- Working on a secured Wi-Fi network or using a virtual private network (VPN)
- Regularly updating work computers
- Using two-factor authentication for logins
- Educating themselves on phishing emails and password best practices
- Using antivirus software on work devices
3. How do you maintain data security when employees work remotely?
The first step in maintaining data security is a robust data security policy that sets the standards for employees. When employees understand the risks, they are less likely to open the door to hackers. Aside from training employees on cybersecurity best practices, your organization will want cybersecurity software that can scan for threats and defend your assets. These days, the best cybersecurity software uses AI, or artificial intelligence.
AI-enabled cybersecurity software often relies on machine learning to spot unusual behavior and analyze risks. If there is activity that looks suspicious, the software can quarantine it in a sandbox environment instead of granting access. This could prevent the hacker from ever gaining entry.
AI also continuously analyzes traffic inside the perimeter. If people with legitimate access credentials are trying to access parts of the server that they do not need for their roles, the AI program will notice. It will deny access, preserving your assets. Systems can also notify IT staff, who will be able to investigate any potential issue.
4. How do you protect a work-from-home environment?
Employees can protect their work-from-home environment by logging out of devices and locking the home office when not in use, and by keeping separate devices for work and play. Regularly updating software and apps is essential. Other best practices for safety include the use of strong passwords (a password manager can help with this) and two-factor authentication. In the event of theft or misplacement, you should have a way to find the device remotely. In a worst-case scenario, you’d also want the ability to wipe it.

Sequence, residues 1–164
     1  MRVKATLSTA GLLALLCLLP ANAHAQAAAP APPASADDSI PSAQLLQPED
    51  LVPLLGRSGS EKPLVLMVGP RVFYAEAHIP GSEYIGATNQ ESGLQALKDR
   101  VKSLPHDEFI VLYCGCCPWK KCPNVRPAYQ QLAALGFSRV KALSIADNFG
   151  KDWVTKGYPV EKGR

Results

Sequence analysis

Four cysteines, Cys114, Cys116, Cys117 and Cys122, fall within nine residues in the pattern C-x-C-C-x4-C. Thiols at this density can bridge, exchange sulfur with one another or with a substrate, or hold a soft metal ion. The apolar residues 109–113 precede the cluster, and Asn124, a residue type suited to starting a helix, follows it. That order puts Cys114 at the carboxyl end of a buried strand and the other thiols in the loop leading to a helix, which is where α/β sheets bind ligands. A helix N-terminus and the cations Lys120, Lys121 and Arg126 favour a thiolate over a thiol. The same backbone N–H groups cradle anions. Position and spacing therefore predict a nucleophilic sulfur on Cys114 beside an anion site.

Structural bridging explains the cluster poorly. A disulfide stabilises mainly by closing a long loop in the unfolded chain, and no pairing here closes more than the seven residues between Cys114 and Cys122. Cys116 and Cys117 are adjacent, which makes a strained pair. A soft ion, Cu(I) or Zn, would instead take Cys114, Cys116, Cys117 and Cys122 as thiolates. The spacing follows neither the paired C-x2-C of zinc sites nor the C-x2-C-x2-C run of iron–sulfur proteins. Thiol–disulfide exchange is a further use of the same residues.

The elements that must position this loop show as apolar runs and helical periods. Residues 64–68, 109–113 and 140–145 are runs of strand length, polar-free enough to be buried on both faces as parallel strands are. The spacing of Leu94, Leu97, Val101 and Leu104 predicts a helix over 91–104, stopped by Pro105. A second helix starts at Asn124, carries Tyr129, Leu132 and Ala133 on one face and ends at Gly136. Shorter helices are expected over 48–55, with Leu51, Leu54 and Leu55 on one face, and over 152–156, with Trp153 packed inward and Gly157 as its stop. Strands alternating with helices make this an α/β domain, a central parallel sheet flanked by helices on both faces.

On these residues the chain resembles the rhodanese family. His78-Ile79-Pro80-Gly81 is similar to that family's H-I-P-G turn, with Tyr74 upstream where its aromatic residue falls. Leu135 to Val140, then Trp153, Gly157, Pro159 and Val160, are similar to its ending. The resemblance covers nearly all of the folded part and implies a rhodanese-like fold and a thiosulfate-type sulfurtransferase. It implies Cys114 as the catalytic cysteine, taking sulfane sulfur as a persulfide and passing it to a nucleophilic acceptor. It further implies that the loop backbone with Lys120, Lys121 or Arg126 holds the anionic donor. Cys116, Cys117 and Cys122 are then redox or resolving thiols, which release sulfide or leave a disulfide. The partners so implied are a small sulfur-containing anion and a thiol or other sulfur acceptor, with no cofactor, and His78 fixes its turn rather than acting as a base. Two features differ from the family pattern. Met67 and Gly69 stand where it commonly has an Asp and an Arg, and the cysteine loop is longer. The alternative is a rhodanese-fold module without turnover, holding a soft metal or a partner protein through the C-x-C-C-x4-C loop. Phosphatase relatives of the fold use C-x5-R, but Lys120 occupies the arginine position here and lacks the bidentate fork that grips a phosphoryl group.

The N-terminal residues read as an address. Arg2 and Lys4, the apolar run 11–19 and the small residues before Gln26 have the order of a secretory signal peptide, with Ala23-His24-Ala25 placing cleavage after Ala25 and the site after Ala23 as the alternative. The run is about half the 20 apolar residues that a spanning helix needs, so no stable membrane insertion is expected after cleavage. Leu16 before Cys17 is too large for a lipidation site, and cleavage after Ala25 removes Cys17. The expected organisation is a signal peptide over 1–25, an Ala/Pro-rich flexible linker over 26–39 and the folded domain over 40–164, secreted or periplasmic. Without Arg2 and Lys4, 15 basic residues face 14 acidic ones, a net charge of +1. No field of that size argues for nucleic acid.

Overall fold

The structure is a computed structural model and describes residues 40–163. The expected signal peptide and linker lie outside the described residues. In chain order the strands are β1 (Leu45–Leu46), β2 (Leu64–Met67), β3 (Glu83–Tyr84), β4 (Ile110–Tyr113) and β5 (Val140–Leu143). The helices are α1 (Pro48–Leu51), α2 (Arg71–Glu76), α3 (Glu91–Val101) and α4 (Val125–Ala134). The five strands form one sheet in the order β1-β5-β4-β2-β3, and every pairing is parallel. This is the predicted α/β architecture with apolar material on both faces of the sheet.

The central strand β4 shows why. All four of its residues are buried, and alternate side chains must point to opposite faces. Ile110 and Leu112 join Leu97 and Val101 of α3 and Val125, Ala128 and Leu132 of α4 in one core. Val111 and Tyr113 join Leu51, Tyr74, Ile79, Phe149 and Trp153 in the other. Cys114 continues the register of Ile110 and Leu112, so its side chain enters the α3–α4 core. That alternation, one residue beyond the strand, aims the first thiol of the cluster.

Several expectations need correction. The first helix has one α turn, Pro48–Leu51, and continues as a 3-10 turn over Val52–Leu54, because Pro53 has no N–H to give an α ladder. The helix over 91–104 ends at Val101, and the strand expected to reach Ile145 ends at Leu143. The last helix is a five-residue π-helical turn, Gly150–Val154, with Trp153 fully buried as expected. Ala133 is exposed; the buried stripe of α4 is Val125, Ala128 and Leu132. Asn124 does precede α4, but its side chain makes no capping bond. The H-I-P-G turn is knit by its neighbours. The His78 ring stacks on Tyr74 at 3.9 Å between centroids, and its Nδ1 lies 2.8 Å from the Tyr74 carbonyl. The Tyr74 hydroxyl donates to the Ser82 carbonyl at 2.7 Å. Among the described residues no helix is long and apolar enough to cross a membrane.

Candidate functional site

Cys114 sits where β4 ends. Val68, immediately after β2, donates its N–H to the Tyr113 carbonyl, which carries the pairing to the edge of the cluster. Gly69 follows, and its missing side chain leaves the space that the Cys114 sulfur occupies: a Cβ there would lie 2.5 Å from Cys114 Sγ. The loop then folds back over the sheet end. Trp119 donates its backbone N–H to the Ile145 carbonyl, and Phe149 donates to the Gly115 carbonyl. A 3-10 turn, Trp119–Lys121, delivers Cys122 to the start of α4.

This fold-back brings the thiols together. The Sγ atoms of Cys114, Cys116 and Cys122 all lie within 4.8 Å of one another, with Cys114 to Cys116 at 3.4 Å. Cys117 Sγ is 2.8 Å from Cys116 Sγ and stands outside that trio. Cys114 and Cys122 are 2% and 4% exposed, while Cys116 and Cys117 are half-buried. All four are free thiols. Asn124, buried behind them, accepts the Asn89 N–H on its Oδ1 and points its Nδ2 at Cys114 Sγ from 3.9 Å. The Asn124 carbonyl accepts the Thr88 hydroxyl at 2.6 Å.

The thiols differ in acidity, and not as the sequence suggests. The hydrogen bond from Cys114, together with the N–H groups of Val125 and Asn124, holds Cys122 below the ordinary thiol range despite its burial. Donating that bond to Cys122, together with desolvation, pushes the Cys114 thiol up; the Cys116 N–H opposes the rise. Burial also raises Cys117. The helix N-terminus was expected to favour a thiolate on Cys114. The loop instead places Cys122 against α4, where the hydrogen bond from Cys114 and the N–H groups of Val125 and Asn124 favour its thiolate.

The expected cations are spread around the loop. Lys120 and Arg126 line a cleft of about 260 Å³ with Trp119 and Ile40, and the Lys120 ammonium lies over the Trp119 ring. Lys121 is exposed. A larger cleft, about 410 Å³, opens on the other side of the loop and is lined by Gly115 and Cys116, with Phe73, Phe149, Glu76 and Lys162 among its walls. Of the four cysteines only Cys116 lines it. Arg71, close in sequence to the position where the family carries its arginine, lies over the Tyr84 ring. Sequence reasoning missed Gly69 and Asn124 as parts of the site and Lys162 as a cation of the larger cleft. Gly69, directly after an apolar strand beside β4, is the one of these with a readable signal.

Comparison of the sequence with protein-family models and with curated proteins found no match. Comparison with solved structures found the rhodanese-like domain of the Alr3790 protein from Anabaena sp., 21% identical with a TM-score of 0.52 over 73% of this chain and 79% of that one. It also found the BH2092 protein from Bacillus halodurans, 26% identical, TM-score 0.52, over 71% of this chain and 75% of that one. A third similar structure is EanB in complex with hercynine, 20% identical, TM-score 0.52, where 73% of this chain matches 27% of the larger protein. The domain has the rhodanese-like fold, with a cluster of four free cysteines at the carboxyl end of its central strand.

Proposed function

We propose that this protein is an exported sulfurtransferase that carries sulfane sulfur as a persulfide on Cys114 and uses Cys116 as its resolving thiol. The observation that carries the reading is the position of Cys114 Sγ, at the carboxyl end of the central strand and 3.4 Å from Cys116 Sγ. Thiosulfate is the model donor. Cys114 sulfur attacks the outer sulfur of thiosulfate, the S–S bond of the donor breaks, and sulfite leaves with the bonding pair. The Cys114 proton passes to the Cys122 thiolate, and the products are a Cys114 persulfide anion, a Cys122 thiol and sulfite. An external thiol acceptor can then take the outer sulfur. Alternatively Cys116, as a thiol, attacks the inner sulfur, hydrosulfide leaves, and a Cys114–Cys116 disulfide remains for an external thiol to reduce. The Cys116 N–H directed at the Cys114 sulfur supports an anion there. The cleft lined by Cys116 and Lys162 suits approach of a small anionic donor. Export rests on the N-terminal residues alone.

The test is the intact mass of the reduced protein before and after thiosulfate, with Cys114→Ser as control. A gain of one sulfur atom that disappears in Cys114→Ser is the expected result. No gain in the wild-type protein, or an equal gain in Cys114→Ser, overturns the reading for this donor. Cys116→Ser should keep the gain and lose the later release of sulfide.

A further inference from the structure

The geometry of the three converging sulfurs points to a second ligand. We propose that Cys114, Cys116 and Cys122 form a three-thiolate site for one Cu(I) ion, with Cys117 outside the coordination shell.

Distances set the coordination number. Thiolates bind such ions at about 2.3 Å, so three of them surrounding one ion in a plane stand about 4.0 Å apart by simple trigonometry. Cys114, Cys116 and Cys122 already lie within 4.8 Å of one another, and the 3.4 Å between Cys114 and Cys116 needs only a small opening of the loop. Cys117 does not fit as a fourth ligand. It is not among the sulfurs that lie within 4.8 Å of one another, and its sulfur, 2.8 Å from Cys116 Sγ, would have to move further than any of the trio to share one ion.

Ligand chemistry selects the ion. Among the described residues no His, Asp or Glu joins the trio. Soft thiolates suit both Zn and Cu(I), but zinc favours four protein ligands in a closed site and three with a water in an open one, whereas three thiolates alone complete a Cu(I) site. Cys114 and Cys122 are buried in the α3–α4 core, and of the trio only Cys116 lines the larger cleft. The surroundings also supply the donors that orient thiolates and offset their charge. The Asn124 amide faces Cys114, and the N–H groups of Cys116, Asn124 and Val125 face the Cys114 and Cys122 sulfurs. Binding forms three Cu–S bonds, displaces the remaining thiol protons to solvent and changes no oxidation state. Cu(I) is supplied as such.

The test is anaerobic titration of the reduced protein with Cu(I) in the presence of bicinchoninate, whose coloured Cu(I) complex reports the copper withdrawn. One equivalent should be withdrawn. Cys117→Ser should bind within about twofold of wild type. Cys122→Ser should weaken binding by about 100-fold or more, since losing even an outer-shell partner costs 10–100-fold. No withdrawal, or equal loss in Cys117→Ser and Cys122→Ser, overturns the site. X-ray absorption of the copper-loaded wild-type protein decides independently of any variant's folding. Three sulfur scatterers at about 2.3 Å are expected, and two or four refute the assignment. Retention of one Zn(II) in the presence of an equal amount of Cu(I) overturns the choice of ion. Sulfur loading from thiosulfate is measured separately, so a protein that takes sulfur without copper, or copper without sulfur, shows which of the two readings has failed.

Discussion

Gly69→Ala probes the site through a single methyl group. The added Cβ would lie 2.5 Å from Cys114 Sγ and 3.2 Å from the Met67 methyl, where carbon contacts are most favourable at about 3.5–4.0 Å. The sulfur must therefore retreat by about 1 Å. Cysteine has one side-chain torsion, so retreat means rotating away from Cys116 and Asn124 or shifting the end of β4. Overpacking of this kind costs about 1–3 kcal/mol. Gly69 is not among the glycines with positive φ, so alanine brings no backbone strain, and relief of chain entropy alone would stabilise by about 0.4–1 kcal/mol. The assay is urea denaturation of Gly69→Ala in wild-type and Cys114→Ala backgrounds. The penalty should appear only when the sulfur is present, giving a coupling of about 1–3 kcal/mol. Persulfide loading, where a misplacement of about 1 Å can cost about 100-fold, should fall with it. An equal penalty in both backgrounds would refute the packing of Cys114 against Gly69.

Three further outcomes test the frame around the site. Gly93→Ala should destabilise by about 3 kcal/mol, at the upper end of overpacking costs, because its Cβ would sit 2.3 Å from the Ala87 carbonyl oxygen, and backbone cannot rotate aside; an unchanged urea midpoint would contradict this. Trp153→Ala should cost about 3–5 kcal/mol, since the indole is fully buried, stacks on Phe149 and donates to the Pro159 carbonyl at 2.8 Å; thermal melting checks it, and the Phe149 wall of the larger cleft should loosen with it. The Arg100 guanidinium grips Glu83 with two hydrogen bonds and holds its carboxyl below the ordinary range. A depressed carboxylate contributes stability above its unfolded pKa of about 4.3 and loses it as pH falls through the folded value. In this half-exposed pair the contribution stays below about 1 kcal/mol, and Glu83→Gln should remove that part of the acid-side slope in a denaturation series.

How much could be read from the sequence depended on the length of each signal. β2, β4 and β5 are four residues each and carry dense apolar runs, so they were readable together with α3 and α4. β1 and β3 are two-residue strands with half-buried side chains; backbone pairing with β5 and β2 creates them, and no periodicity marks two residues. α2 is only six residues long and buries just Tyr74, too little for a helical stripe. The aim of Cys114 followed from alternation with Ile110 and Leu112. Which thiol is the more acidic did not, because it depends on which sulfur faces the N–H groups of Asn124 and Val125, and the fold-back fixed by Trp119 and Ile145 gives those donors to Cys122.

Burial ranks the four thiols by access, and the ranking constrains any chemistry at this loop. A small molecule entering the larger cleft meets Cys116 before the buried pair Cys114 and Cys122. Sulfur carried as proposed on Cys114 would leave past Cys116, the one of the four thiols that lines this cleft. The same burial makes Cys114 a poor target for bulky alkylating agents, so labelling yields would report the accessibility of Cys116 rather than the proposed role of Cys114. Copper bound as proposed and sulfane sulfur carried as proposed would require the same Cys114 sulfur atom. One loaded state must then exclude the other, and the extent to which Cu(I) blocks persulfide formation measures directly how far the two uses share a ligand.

Choosing Cybersecurity Software for Remote Work
Properly training your employees can do a lot to reduce the risk of a data breach, but you won’t be fully protected without the right cybersecurity software. Look for a system that offers predictive intelligence and machine learning. This means the software can learn from past experiences to better protect your business over time.
Additionally, seek a program that offers end-to-end encryption, which is a must for remote work environments. Encryption can code your data during transmission or storage so that it isn’t decipherable without a key. The best software keeps data encrypted in transmission and analysis to ensure it never falls into the wrong hands.
Make sure the system can notify IT staff when certain actions are taken. While in many cases the software will work independently, there are times you’ll want a team member to take action. For example, if the system notes a vulnerability or unapplied update, the IT team member can step in and address the issue.
The savviest businesses understand that protecting their data is not a one-and-done proposition but an ongoing effort. When you understand how cybersecurity and employee behavior work together, you can take the steps to protect your financial data regardless of where your employees work.
To learn more about the role of AI in data security, check out the accompanying resource.